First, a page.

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How Can I Help My Child Relieve Academic Stress?

stressed out student

In our previous blog, we talked about how your student may be anxious or stressed regarding their academic experience. The origins of this stress can vary, but often are rooted in negative coping skills or unrealistic expectations that they are setting on themselves. To refer back to the previous blog post, click here. In today’s blog, we will discuss how parents can positively impact this pattern of thinking or behavior- how can we help our children to not be so stressed about school? Here are a few tools.

  1. Be mindful of what we praise. 

Students usually report having an extrinsic motivator for what makes them feel “successful.” They are usually looking for an outcome or a grade as an indicator that they are successful. This naturally can happen, as teachers and peers are talking about the outcomes. However as parents, we want to be mindful that we are talking less about the outcomes and more about the process. What did you see your child do to get the grade that you can praise? Did you notice them establishing and following a really good routine for studying? Did you notice them self start and ask a teacher for extra help? Did you notice them pay extra care and attention to assignments? These are all equally as important, if not more, as the “outcome.” Watching what we praise can help reinforce the idea that the motivation can be in the process, not the outcomes. Outcomes and grades are sure to let us down now and then, but we can teach and show our students that the process never has to change, as it is up to them! 

  1. Be mindful of how we highlight the achievements of others. 

It’s just a fact that kids want to make their parents happy. Whether they verbally admit it or not, they are seeking the approval and praise of the adults in their lives. The sense of identity and value in childhood is thought to be directly tied to the praise of adults. So while we need to be very mindful of what we praise, we also have to be mindful of how we speak of the success of others. If we choose to highlight the outcomes and successes of others, be it peers, friends, or people we vaguely know, our children can take on the nonverbal messaging that we would prefer them to behave or perform like those people as well. For example, if a peer at school has gotten into a higher level class, and it is brought up at home in conversation, a child might assume that they should’ve gotten into that class as well to make their parents proud. Rather than highlighting the outcome for that person, highlight the process and work they had to do to achieve the outcome.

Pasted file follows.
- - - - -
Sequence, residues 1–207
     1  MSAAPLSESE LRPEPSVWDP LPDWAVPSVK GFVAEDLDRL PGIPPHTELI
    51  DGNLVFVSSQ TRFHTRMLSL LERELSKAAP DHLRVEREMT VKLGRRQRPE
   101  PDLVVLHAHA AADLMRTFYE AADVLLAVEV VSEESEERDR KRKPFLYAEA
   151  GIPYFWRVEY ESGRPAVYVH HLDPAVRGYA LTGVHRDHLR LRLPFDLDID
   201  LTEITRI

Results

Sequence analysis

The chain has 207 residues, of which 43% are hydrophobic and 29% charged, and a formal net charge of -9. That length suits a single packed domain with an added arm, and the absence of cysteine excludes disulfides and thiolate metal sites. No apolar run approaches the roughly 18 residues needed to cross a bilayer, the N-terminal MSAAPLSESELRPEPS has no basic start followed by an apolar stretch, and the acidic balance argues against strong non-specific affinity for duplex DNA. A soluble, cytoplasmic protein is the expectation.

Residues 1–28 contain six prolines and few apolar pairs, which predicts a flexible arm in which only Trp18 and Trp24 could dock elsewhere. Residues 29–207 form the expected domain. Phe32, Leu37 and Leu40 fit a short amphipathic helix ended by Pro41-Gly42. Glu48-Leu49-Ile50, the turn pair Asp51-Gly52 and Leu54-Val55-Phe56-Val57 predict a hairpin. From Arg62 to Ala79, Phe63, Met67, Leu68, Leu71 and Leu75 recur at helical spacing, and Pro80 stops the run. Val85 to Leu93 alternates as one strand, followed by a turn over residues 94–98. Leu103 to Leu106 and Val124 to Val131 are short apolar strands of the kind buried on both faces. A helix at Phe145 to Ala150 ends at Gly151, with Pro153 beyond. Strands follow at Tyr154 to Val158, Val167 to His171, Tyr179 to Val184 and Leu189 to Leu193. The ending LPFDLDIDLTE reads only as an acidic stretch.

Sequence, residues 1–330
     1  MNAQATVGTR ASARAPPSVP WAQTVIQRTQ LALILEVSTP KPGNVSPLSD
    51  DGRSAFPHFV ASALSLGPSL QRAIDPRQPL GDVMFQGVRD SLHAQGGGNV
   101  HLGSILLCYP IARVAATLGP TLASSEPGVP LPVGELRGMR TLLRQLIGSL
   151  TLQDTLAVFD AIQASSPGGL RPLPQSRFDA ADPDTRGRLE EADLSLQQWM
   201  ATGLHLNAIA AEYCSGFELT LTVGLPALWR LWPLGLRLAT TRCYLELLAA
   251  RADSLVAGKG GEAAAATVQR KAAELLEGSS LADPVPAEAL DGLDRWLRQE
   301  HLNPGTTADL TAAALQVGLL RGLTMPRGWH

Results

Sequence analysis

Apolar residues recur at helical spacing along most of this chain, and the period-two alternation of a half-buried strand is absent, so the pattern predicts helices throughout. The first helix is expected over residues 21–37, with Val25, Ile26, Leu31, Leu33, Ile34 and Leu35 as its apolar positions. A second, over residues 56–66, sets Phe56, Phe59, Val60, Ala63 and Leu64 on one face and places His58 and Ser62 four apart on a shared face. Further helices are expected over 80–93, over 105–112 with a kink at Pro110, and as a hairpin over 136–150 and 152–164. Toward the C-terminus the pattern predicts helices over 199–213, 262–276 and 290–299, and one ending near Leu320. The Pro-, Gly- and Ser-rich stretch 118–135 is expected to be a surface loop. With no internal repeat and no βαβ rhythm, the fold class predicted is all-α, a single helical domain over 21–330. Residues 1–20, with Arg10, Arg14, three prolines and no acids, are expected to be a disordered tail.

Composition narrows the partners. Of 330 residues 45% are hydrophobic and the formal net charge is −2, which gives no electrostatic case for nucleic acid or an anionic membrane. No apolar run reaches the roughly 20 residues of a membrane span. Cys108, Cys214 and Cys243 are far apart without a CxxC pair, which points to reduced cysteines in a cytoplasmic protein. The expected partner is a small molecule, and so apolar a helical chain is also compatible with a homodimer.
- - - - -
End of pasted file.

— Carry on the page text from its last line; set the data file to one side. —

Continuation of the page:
1. Comfortably acknowledge lower scores, too. 

When a student does score lower than desirable, what are the parents doing with that information? While you may choose to ignore the grade, the silence still speaks to the child. Whenever positive grades are spoken about, but not as desirable grades, this creates a feeling of shame around the grade. This can negatively impact self -esteem and tie into the feeling that outcomes are what deserve praise. While unexpected grades don’t necessarily deserve praise, we can reframe the conversation around them. Ask your student about the low score. See if you can help them unravel the process behind what they did to get the lower score. What was different about that process compared to the times the grades have been higher? Get them thinking and self reflecting about their processes, and this can help navigate a conversation that is motivating, but not shame spiraling. 

  1. Avoid making decisions just to get into college. 

The phrasing “make sure you do _______ so that it can look good for college,” or anything like this can be harmful to your student. While there is a time and place to talk about resume building, these phrases and conversations can put fear into your student that if they do not do x, y, or z, that they will look “less than” or “undesirable” for universities. Make sure that the decisions you are making regarding college will bring value outside of an establishment’s or individual’s perception and opinion of them. As adults, we would red flag someone for doing something just for the approval of others. However, this is the messaging that can be tied to the conversations we are having around college admissions if we are not careful. 

All in all, make sure that as parents, we are valuing their development as a person and holistically, rather than pushing the outcome and grades. When students start to see that these core values are being pushed and prioritized in their home, they will start to let some of the pressure go surrounding academics. Furthermore, any pressure that they do put on themselves still, can be about processes and discipline regarding grades, not the outcomes. 

If this blog resonates with you, we may be able to help. Our services at WeThrive Learning are for the whole family! We can sit down and talk about more of these instances where you can help alleviate your child’s struggles and anxiety or stress surrounding their academics. To book a free call today, click this link! Watch your child grow and transform with WeThrive Learning. 


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